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I have a while loop whose condition is a conjunction of two statements, one of which contains nested ORs. I couldn't find any standard method of organizing the statements around the operators or using parentheses. Keep in mind that the actual statements are longer than 'a', for example 'Math.Pow(double,exponent)*Math.Pow(Math.SQRT(double)),exponent)', otherwise the second version would be the obvious choice. Any suggestions on the proper way to write this so another programmer would find it easiest to read?

while
                        (
                            (
                                (a > b)
                                ||
                                (
                                    (
                                        (a > d)
                                        ||
                                        (
                                            (p < q)
                                            ||
                                            (r < s)
                                        )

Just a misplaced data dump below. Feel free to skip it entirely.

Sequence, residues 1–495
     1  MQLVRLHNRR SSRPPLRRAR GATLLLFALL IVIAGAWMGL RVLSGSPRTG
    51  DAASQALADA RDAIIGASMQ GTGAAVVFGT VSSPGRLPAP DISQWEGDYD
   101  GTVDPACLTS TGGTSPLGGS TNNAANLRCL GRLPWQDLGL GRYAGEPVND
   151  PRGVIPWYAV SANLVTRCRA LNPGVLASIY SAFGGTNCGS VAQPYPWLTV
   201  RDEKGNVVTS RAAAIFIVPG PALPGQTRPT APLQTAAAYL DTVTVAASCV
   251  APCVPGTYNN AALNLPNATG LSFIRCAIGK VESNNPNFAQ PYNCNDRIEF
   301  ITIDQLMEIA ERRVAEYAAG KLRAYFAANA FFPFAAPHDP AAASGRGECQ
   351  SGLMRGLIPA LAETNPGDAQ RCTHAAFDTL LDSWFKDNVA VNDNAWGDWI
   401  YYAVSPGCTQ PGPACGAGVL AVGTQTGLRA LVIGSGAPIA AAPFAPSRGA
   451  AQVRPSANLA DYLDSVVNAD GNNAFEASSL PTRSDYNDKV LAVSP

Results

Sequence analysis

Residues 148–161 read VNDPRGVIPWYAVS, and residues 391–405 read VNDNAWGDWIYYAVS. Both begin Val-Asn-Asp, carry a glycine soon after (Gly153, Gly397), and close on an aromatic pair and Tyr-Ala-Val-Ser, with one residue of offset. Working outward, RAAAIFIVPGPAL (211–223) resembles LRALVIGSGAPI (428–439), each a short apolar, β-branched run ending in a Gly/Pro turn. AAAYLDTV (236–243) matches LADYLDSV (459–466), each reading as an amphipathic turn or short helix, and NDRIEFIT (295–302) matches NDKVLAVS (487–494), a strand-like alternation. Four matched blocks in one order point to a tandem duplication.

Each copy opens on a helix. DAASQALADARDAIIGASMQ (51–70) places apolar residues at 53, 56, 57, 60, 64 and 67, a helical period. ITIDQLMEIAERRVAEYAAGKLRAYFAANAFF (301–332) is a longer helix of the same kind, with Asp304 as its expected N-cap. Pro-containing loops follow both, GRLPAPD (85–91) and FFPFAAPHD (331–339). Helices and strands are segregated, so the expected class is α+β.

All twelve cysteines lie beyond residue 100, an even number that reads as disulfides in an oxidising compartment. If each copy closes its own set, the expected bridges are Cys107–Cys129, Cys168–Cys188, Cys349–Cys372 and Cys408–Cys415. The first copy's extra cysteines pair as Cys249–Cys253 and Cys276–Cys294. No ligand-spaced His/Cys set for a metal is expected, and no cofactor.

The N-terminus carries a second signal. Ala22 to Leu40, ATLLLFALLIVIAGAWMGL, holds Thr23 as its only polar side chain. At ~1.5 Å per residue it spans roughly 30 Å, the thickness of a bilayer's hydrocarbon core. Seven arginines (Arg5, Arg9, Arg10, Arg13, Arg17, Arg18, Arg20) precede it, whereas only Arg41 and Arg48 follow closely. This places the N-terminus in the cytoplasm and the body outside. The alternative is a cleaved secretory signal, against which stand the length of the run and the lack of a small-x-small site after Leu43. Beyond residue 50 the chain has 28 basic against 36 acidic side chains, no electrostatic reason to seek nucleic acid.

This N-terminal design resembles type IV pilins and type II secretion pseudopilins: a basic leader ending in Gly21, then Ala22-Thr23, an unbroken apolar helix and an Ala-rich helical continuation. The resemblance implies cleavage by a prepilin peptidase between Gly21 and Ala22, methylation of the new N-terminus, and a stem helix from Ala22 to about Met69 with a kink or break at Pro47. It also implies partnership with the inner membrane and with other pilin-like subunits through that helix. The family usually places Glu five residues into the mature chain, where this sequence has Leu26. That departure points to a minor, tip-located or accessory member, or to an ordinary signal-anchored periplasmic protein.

)
                                )
                            )
                            && t < y
                        )
                            {
                                g = g + 0.25;
                            }

OR

while (((a > b) || (((a > d) || ((p < q) || (r < s))))) && t < y)
      {
          g = g + 0.25;
      }
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1  
I don't think you're going to find a magic bullet solution that makes this mess easy to read. Have you considered refactoring the logic out into separate methods with simple, descriptive names? –  Cody Gray Mar 2 '11 at 11:03

1 Answer 1

Put them into methods with speaking names and use those methods in your while loop. Everything else is unmaintainable!

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Any methods have to be declared in a class that is instantiated -- no static methods. –  this.shawn Mar 2 '11 at 13:19
    
@this: So don't use static methods. I don't understand why you think you can't add instance methods. –  Cody Gray Mar 3 '11 at 4:44

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